Metabolic complications are common in treated HIV patients. Their etiology is multifactorial and the development of increased abdominal fat contributes to cardiovascular risk and impaired quality of life. Treated patients with fat mass distribution changes have relative growth hormone deficiency. Both pharmacologic and physiologic doses of growth hormone reduce the increased visceral adipose tissue and improve the associated abnormal lipid profiles in short-term studies. However, impaired glucose homeostasis changes and significant musculoskeletal toxicity occurs. A novel growth hormone-releasing factor analogue, tesamorelin, provides a physiologic means of restoring a normal growth hormone secretion profile and reduces increased visceral adipose tissue, improving both abnormal lipid profiles and patients' quality of life. Glucose homeostasis is generally well maintained. Cessation of treatment with either growth hormone or tesamorelin results in a prompt return of truncal obesity. Management strategies for the long-term maintenance of the reduced visceral adipose tissue have not yet been clarified and long-term effects on decreasing cardiovascular risks and improving clinical outcomes are uncertain.
In a study done on Testosterone Enanthate , a dose as high as 600 mg’s produced better results in subjects compared to those who received lower doses. The most fat was lost and lean body mass, strength and size was gained by the group who used the highest dose (600 mg/week), when compared to any of the lower doses studied (2). In the same study, HDL cholesterol was lowered and some acne was experienced by the subjects. There was roughly a 15% gain in Lean Body Mass from 20 weeks of 600mgs/week of testosterone enanthate . HDL cholesterol was also lowered and the subjects experienced acne.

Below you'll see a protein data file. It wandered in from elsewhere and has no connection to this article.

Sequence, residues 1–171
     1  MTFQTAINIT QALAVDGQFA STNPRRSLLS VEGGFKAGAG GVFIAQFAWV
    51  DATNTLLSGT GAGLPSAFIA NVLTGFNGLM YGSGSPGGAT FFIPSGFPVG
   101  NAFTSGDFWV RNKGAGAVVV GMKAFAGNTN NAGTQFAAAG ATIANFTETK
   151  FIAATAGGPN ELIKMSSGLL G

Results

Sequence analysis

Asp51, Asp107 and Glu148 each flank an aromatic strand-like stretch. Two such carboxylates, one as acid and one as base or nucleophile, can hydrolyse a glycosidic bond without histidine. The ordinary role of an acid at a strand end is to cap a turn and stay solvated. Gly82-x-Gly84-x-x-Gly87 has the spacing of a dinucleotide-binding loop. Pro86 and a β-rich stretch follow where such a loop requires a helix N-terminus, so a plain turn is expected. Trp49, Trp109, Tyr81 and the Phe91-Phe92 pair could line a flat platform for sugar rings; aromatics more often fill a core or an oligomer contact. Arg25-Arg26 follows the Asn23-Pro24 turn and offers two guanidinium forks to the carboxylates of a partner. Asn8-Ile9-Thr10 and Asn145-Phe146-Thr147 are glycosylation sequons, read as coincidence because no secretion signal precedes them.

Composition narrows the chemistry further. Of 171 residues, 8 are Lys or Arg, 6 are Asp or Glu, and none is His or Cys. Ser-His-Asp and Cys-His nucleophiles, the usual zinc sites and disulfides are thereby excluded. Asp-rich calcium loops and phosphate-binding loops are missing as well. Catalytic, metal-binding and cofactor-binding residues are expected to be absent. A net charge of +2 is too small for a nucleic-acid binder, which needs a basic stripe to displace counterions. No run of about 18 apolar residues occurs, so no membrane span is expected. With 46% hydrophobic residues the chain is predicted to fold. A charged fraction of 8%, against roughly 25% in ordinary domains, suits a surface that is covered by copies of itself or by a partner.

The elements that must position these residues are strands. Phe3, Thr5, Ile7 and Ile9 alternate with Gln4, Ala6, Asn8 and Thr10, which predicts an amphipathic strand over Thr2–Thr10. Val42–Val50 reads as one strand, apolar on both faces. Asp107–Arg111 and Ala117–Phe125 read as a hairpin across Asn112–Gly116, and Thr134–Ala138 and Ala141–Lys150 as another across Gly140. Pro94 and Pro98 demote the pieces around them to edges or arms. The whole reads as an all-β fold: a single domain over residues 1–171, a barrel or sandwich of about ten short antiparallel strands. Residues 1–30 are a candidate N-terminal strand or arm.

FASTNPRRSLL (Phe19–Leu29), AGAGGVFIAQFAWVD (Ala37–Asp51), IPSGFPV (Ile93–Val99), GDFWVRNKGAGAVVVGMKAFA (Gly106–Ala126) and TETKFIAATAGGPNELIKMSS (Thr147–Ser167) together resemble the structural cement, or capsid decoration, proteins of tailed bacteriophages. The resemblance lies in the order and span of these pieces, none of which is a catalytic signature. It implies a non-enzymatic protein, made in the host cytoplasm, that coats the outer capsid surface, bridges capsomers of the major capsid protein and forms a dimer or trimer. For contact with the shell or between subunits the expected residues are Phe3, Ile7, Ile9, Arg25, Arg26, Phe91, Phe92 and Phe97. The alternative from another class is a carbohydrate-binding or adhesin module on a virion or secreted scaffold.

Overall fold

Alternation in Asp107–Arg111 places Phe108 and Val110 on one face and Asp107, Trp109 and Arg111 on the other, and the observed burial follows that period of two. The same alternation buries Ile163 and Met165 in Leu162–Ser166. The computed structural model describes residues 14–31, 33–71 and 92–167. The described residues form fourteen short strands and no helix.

Abstract In steroid responders, topical or systemic application of steroids leads to extracellular deposits in the trabecular meshwork which increase trabecular meshwork outflow resistance. 30–40 % of the normal population are steroid responders. About 5 % develop an intraocular pressure (IOP) rise of > 15 mmHg. These patients are termed “high responders”. In patients with primary open angle glaucoma (POAG), the proportion of steroid responders sums up to 90 %. The extent of steroid response depends on the kind of steroid used and on the duration of its administration. Dexamethasone has the highest IOP increasing potency. Differential diagnoses are POAG, ocular hypertension, normal tension glaucoma, pseudoexfoliation glaucoma and secondary glaucoma due to different reasons. To make the diagnosis, a detailed anamnesis is crucial. A recompensated IOP after the end of steroid use proves the diagnosis. The treatment of steroid glaucoma includes topical antiglaucoma medications, glaucoma filtration surgery, trabeculotomy, and laser surgery. So far, only few comparative studies on different treatment options have been published on steroid glaucoma. In some cases of therapy-resistant IOP increases following intravitreal or subconjunctival steroid administration, operative removal of the steroids can be considered. A gene therapy treatment of steroid glaucoma is still a topic of research.